You might be wondering if there is really much of a difference between the two terms. Well, there definitely is. While “sneakers” really is a more general term for athletic shoes, a tennis shoe is technically a shoe that was made specifically for tennis. You also might be wondering if you can use your tennis shoe for any athletic activity, or if you need to invest in another type of sneaker.
Check out our top picks of best tennis shoes.
Tennis Movements and Injuries
If you’ve ever played tennis, you know that you will move in every direction, trying to get to the ball. There are a lot of side-to-side movements, as you shuffle from the left side of the court to the right and back again. You will run forward to meet the ball, backward to catch it, and twist and turn in every way in an attempt to keep the ball in play.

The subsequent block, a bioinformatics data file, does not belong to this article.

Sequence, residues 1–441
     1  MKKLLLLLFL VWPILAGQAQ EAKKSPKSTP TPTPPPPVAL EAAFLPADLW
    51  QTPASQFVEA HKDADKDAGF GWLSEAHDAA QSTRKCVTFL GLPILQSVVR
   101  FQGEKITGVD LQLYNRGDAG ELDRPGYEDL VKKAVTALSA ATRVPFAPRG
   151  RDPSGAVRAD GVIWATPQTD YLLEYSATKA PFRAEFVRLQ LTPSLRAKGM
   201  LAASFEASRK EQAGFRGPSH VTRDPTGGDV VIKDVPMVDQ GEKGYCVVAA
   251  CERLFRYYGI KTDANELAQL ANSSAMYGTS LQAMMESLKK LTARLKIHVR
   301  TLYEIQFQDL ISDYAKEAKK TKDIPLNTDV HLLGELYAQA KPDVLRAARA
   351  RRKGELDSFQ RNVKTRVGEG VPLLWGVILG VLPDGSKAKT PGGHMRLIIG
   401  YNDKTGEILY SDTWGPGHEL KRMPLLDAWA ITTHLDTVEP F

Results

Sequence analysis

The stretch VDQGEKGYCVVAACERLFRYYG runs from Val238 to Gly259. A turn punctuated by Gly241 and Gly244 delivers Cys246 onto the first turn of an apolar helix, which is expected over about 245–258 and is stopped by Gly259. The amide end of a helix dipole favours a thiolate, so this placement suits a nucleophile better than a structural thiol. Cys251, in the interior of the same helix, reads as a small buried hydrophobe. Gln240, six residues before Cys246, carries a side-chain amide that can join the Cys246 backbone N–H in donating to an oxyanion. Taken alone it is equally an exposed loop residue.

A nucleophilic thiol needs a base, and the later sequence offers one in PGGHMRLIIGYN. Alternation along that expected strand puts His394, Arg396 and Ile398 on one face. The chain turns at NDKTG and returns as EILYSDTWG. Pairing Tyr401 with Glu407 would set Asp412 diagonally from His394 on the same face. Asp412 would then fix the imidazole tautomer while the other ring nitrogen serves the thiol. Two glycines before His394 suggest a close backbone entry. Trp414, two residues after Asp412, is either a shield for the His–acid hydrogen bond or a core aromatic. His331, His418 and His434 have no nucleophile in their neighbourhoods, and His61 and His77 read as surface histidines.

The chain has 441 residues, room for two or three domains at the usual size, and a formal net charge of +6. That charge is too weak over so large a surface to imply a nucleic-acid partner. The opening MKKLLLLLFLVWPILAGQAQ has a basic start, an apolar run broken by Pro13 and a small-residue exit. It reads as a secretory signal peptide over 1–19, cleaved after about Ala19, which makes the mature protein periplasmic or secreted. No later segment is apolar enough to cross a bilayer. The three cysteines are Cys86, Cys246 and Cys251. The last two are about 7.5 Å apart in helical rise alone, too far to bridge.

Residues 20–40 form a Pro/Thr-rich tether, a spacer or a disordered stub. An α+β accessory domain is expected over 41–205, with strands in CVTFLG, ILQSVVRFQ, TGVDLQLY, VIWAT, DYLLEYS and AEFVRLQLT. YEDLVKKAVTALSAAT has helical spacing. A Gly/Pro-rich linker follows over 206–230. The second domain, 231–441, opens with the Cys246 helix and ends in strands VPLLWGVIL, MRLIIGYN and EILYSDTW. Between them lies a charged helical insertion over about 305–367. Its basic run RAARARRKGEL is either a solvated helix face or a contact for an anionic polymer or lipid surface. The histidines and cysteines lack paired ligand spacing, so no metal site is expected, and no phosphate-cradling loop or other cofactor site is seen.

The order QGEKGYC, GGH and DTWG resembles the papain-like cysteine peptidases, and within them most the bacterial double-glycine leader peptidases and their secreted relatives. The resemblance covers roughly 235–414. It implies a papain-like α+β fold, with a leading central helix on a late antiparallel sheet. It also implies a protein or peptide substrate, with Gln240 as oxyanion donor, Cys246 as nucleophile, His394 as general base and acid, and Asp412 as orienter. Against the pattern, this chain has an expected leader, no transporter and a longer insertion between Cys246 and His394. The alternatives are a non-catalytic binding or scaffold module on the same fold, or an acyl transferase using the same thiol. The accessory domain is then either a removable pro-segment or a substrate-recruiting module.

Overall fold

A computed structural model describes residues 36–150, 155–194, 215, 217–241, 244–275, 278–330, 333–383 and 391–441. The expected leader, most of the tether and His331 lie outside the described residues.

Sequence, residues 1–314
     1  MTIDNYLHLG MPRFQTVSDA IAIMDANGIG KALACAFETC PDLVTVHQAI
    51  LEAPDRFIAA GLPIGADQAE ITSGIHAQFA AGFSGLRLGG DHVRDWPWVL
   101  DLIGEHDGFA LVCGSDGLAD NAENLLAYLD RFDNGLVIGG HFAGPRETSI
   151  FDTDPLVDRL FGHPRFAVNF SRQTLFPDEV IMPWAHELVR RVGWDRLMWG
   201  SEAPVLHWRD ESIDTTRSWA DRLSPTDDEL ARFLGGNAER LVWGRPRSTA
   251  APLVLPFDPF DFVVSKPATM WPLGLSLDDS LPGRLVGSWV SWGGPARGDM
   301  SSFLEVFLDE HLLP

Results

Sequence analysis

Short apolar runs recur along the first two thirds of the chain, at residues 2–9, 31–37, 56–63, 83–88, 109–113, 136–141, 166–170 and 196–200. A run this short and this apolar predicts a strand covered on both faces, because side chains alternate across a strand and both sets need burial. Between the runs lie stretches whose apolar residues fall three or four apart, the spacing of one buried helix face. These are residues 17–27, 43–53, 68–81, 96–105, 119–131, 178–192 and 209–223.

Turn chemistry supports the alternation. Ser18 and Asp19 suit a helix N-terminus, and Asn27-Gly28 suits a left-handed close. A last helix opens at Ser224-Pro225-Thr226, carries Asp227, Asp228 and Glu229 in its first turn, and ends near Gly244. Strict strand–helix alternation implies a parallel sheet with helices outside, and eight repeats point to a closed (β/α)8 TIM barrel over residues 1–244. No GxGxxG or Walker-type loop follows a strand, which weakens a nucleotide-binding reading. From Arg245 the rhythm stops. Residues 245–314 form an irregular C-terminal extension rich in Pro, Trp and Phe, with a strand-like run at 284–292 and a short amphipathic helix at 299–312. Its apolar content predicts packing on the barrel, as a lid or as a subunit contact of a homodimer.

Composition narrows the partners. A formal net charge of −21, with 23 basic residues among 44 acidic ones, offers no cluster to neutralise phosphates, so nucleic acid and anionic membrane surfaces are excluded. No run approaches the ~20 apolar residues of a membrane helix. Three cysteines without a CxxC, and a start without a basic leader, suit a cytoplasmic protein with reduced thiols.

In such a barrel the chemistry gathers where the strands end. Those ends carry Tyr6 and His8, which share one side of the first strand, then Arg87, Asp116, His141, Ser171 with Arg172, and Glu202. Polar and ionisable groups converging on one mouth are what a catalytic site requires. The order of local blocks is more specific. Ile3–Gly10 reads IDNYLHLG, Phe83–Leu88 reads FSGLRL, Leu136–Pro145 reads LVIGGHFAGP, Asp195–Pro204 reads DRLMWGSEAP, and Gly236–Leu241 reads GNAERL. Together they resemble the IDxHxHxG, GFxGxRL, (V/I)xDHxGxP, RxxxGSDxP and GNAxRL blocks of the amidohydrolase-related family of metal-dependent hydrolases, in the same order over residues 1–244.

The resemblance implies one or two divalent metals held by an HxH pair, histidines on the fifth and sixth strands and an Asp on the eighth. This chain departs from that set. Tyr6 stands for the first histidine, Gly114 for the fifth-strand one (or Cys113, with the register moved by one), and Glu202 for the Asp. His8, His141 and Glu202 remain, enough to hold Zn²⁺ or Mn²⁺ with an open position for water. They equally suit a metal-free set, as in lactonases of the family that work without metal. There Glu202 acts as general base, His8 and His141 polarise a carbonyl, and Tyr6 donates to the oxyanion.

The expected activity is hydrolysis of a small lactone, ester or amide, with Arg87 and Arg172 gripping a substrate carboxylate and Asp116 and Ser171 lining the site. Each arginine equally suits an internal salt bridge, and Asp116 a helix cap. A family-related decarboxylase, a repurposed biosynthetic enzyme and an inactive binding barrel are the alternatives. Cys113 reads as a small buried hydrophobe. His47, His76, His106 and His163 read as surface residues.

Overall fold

According to Epidemiology of injuries in tennis players,
“Through hundreds of strokes per match, the kinetic chain enables a player to generate high racquet and ball velocities while minimizing joint loads…This kinetic chain begins at the feet and knees, progressing to the core and trunk, to the shoulder and elbow, and finally to the wrist, hand, and racquet.”
Because you use your entire body to tennis, and because of the quick multi-directional movements, some common tennis injuries include:
- Ankle Sprain
- Meniscus knee injuries
- Tendinopathy at the knee
- Hip injuries
According to Elizabeth G. Matzkin, MD, a Surgical Director, you can potentially avoid ankle sprains by making sure you are wearing the correct shoes, namely athletic shoes designed for tennis. tennis shoes support multi-directional, full-body movements, with appropriately supportive parts and cushion for shock absorption.